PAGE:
The US has reportedly traced the cruise missiles used during a weekend attack that crippled half of Saudi Aramco's oil production back to their point of origin: Iran. Or at least that's what one US official is telling CBS News.
Many have argued that there's zero upside for Iran in carrying out attacks like this (the region has also endured several attacks on oil tankers that have been blamed on Iran), but the US has insisted that Tehran was responsible for the attack, and that the missiles used were beyond the sophistication of Yemen's Houthis, who had initially taken credit for the attacks.
Senior US officials have told CBS they've identified the locations in Iran from which a combination of more than 20 drones and cruise missiles were launched against the Saudi oil facilities. They say the locations are in southern Iran at the northern end of the Persian Gulf.— Paul Danahar (@pdanahar) September 17, 2019
According to US sources, 17 missiles or drones were fired, not the 10 the Houthis claim. Cruise missiles may have been used, and some targets were hit on the west-northwest facing sides, which suggests the projectiles were fired from the north, from Iran or Iraq.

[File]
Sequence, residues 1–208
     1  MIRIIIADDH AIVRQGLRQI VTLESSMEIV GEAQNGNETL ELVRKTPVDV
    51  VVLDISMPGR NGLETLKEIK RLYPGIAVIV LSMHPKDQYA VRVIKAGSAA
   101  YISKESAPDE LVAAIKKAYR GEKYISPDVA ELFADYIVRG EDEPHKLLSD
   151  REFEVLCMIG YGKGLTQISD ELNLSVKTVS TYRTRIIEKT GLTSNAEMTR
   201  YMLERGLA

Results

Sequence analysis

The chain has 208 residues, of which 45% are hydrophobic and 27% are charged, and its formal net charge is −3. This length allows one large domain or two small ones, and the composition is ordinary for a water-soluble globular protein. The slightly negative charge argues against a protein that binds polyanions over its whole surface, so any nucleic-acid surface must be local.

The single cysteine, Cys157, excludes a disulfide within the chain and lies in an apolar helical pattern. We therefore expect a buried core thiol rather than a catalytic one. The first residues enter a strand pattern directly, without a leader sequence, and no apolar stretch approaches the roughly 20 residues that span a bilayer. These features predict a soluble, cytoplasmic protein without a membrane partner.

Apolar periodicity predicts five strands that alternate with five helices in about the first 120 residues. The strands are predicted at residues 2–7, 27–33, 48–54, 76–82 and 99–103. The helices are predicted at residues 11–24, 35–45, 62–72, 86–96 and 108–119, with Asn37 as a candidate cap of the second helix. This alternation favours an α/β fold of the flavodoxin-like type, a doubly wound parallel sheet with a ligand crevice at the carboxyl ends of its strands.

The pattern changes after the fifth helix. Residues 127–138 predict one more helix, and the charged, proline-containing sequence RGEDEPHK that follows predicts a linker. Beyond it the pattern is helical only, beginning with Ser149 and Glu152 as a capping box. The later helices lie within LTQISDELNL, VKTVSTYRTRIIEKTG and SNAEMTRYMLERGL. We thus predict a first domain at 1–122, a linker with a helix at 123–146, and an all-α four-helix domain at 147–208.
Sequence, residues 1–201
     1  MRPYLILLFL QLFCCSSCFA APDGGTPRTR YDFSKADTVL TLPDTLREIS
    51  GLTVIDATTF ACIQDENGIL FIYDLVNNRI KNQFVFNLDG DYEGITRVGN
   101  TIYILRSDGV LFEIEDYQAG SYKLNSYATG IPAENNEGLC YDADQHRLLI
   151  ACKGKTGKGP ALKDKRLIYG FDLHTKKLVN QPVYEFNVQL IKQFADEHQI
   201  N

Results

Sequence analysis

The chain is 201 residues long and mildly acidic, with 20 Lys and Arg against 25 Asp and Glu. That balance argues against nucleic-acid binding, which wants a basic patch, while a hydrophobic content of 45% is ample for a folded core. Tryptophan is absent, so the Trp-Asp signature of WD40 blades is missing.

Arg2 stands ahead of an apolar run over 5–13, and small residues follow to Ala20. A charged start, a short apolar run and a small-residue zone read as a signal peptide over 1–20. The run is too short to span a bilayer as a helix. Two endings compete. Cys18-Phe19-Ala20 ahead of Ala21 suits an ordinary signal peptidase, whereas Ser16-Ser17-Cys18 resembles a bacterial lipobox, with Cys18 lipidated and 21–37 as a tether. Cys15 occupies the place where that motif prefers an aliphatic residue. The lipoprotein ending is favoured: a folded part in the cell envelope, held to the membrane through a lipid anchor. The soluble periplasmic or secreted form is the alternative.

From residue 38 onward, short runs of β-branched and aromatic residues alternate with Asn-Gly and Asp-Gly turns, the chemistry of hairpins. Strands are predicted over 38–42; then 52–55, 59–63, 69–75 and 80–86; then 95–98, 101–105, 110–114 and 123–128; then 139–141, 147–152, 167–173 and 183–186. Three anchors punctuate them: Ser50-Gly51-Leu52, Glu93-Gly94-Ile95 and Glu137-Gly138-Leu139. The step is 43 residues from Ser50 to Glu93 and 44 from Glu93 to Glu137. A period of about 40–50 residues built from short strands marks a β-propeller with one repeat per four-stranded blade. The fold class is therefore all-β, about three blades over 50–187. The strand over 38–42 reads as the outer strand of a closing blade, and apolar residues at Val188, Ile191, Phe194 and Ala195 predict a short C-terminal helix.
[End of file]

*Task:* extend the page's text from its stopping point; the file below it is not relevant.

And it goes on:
Investigators have reportedly identified the exact location, purportedly in southern Iran, where a combination of more than 20 drones and cruise missiles were launched against the Saudi oil facilities.
Additionally, The Wall Street Journal reports that Saudi Arabia is increasingly confident that Iran directly launched a complex missile and drone attack from its southern territory on Saturday that battered the kingdom's oil industry, according to people familiar with the investigation.
"Everything points to them," said a Saudi official who wasn't authorized to speak to the media, referring to Iran.
"The debris, the intel and the points of impact."
Nevertheless, lawmakers from both parties in Washington have expressed reservations about the prospects of an American military strike on Iran.